Control of the United States Senate is at stake in the elections

Control Of The United States Senate Is At Stake In The Elections

Washington – Control of the US Senate was on the razor’s edge Tuesday, in an election in which Republicans try to retain their majority against a wave of Democratic challengers vying for the seats of President Donald Trump’s allies in a vast political map.

Both parties see chances of victory, and the final result may not be known on the night of the election.

From New England to the south, north-central to the mountains, Republican senators defend their seats in states previously considered almost out of reach for Democrats. The government’s handling of the COVID-19 crisis, its economic consequences, and widespread unrest are all factors. Democrats have received mountains of dollars from millions of Americans who apparently vote with their wallets. Republicans look to their wealthiest donors to prop up their candidates.

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Trump and his Democratic opponent Joe Biden have toured states that are crucial to the Senate while pushing their own campaigns in the final stretch.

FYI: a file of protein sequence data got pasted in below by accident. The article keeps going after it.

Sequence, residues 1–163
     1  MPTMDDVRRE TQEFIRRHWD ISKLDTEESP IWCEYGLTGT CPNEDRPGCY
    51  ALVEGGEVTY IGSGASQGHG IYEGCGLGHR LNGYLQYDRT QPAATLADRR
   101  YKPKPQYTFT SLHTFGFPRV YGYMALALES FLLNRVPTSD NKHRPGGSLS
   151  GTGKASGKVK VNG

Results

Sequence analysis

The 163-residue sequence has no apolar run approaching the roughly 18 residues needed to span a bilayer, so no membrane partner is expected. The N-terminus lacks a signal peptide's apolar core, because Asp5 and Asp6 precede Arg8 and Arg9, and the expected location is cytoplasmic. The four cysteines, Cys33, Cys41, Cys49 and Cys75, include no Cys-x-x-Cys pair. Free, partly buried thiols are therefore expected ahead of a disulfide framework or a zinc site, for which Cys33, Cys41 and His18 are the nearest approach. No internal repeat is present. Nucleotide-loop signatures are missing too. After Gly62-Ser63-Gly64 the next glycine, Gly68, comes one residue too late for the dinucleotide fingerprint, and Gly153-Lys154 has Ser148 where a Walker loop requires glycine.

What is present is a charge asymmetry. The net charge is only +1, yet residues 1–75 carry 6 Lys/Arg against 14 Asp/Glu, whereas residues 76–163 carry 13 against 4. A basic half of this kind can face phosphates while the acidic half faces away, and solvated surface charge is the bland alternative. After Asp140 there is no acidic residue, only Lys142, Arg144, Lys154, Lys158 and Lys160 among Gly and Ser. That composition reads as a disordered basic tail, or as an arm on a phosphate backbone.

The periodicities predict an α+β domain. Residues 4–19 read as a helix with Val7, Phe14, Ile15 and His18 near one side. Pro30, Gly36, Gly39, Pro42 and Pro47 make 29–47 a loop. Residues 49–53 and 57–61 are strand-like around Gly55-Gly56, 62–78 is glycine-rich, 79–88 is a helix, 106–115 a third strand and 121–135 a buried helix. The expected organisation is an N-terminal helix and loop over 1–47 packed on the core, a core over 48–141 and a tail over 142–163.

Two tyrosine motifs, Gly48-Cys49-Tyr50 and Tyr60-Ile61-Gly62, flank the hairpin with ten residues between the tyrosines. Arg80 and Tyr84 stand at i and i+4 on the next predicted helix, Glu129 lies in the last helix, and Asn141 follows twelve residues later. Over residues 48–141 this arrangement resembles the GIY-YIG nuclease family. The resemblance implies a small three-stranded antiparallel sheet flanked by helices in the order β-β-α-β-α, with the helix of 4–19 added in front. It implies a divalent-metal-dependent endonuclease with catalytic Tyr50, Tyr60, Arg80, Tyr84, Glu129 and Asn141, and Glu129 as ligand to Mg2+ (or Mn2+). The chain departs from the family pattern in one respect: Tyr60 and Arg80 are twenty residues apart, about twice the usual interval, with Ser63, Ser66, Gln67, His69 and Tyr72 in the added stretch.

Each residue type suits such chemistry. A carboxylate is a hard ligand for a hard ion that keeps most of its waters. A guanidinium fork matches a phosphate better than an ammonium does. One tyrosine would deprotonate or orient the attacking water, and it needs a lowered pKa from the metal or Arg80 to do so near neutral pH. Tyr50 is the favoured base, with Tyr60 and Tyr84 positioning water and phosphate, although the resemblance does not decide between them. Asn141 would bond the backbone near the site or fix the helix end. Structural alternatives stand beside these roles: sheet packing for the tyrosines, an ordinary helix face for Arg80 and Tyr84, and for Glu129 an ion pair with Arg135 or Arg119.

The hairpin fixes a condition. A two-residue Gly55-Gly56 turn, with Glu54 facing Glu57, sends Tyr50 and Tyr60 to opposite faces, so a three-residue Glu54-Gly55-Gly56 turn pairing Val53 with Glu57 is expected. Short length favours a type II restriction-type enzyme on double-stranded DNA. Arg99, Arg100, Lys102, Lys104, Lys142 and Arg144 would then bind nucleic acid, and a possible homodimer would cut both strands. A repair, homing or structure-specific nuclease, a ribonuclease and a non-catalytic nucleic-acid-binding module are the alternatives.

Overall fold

Having a majority in the Senate will be crucial to the winner of the presidency. Senators confirm the appointments of officials, including cabinet officials, and can push or slow the government’s agenda. With the current Republican majority of 53 to 47, three or four seats will determine the control of the upper house, depending on who wins the presidency, because in the event of a tie the vice president has the deciding vote.

Current Majority Leader Mitch McConnell, who faces former Democratic fighter pilot Amy McGrath in his Kentucky state, expressed hope that he would retain his job alongside Trump, but acknowledged that control could pass to Democrats.

Democrats have put Republicans on the defensive deep within Trump territory.

What began as an uneven cycle in which Republicans held 23 seats and Democrats 12 quickly turned into a referendum on the president and his party.

Some of the best-known senators are fighting for their political lives.

In South Carolina, Democrat Jamie Harrison tries to bring down Republican Lindsey Graham, one of Trump’s main allies.

The two toured the state on the final stretch, and Graham acknowledged the closeness of the contest after Harrison raised a whopping $ 100 million for October, an unprecedented sum for that state.

One of the races that has attracted the most attention is that of Maine, where Republican Susan Collins faces Democrat Sara Gideon. This is one of several contests whose outcome would be known days later if no one exceeds the 50% threshold. Collins has sought votes by presenting herself as a centrist with independent leanings, but the closeness of the contest reveals the difficulty Republican senators have in winning votes from both Trump’s base and moderate sectors.

Democrats have more than one way to win the three or four seats necessary to win a majority, and several Republican strategists have quietly acknowledged that seats will be lost in some crucial races.

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